Kraus receives honor for research in creativity and aging

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August 20, 2013
SoC professor Nina Kraus

School of Communication professor Nina Kraus is the recipient of the Gene D. Cohen Award in Creativity and Aging from the Gerontological Society of America, sponsored by the National Center for Creative Aging.

The award is presented annually to a professional whose research in the field of creativity and aging demonstrates what wonders can be achieved with longevity—not in spite of age but because of it.

Kraus is a professor and Hugh Knowles Chair in the Roxelyn and Richard Pepper Department of Communication Sciences in the School of Communication. She is also a professor of neurobiology and physiology, and otolaryngology and directs the Auditory Neuroscience Laboratory, where she investigates the neurobiology of underlying speech and music and learning-associated brain plasticity. This involves studies of listeners throughout the lifespan, clinical populations, and musicians.

Kraus has pioneered the use of a biological approach that reveals how auditory signals are encoded by a hub of cognitive and sensory influences. This approach reveals the fidelity of the brain’s encoding of sound and the impact of experience. She has discovered biological mechanisms of aging and how software-based training and musical experience positively impact the adult brain.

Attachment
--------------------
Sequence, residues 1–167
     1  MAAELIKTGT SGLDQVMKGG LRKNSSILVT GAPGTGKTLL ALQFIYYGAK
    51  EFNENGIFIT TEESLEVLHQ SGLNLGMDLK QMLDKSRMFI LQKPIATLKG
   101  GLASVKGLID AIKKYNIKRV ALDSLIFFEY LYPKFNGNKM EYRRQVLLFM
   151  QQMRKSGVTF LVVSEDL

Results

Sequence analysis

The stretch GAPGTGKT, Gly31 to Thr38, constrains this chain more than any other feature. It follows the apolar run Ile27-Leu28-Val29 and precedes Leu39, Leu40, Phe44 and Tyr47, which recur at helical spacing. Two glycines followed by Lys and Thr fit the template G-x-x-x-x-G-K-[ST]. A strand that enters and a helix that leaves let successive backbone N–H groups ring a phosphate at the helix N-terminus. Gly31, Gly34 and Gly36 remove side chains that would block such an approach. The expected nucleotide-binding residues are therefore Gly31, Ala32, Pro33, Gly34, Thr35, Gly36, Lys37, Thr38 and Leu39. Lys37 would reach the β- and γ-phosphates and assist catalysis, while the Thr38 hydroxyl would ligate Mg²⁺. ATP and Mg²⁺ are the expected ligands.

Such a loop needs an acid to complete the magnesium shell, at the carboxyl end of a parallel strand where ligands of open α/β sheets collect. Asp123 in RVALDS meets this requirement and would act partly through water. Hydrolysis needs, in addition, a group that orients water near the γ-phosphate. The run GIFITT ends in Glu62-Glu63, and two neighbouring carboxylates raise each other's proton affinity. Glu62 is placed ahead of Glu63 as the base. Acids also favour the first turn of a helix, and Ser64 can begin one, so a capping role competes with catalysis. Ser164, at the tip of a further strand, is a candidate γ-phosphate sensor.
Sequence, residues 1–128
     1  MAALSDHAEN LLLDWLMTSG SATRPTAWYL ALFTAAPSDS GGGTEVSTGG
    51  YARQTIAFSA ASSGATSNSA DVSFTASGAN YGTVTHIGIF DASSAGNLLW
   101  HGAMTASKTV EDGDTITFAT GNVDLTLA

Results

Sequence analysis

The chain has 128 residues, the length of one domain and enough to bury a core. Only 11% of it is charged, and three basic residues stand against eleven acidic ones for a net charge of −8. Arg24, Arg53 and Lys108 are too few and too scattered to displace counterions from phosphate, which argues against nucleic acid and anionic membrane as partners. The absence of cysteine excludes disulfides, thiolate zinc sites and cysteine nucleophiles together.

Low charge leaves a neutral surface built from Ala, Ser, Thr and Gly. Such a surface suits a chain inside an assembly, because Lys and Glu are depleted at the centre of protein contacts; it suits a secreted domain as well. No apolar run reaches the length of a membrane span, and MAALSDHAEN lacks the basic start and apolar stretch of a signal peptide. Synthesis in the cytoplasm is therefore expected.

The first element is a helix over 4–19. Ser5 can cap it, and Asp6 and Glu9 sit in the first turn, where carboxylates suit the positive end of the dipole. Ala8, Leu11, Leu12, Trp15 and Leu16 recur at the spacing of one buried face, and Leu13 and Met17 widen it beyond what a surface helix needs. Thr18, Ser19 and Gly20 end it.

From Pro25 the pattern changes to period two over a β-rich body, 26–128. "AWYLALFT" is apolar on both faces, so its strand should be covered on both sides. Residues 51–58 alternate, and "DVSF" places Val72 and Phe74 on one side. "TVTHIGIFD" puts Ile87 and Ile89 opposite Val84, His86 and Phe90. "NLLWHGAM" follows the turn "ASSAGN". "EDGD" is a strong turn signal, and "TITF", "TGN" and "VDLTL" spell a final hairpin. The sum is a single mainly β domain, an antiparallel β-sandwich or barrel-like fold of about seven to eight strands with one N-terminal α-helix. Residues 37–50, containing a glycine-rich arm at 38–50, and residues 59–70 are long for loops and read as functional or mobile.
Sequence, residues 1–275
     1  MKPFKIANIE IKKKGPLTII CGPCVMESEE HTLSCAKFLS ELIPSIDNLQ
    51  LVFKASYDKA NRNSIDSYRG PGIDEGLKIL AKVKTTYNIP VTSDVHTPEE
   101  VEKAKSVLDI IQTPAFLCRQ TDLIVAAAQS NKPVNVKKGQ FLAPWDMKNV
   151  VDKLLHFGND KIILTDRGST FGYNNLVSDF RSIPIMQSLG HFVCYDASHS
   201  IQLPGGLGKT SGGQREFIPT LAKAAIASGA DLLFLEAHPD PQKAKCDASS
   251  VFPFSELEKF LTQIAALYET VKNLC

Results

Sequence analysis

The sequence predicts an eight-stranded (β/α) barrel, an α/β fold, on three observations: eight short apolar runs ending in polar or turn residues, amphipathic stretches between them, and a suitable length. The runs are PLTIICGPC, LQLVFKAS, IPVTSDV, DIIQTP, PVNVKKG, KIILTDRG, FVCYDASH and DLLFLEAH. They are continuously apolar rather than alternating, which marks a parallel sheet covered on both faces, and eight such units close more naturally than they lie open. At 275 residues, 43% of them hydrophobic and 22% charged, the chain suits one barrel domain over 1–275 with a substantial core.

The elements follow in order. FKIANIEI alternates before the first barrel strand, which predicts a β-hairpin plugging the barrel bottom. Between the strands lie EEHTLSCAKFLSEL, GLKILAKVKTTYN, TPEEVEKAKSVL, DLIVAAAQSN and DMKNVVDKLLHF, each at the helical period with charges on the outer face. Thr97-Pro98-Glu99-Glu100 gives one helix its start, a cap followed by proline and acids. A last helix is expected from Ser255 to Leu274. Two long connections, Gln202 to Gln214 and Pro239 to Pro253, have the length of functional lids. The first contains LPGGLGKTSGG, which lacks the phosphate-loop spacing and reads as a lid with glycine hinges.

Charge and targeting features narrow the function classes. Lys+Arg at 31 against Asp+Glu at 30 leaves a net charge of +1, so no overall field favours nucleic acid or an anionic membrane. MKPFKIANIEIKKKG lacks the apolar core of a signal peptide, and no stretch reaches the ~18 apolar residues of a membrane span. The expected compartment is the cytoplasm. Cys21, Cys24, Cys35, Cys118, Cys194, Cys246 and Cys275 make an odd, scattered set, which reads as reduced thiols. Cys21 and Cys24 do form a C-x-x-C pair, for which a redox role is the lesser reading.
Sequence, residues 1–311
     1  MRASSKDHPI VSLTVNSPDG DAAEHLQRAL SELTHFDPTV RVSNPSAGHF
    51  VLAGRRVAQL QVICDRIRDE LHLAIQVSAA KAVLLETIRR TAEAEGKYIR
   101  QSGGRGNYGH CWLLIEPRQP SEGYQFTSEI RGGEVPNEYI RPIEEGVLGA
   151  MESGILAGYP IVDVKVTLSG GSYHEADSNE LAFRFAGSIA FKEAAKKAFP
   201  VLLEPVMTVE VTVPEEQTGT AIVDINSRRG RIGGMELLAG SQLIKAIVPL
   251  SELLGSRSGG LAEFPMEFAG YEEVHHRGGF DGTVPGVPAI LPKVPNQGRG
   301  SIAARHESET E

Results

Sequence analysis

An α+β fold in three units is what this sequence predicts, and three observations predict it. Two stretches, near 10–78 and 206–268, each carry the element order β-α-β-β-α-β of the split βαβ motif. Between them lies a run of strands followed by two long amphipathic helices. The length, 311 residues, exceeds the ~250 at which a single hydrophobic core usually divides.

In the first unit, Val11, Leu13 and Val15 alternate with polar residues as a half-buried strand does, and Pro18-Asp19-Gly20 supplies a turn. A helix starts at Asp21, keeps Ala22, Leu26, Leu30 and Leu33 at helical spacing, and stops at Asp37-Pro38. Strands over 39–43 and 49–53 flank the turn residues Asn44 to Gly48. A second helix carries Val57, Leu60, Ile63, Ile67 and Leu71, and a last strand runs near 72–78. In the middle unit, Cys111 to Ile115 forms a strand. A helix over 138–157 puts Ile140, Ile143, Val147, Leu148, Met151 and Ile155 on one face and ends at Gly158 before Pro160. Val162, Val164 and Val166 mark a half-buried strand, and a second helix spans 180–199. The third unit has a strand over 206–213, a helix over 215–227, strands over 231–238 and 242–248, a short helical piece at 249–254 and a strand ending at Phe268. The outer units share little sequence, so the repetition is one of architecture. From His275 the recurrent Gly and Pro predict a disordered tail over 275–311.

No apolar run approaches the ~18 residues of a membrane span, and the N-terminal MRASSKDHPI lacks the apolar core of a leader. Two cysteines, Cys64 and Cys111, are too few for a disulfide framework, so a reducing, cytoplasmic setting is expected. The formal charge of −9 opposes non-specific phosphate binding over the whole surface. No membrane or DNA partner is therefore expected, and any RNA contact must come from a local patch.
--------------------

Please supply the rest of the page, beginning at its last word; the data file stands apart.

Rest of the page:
The Cohen Award recognizes and honors the work of Gene Cohen, MD, whose research in the field of creativity and aging shifted the conceptual focus from a problem paradigm to one of promise and potential.

Nina Kraus on creativity and aging

“I am thrilled and honored to be receiving this award,” said Kraus. “Its name ‘creativity and aging’ gets at the core of what Gene Cohen was about and how I like to look at the aging process. Looking at aging as an opportunity to engage the brain in new and creative ways is a challenge that must be enthusiastically embraced. Likewise, to look at our experiences as children and young adults as a way to set ourselves up for healthy aging.”

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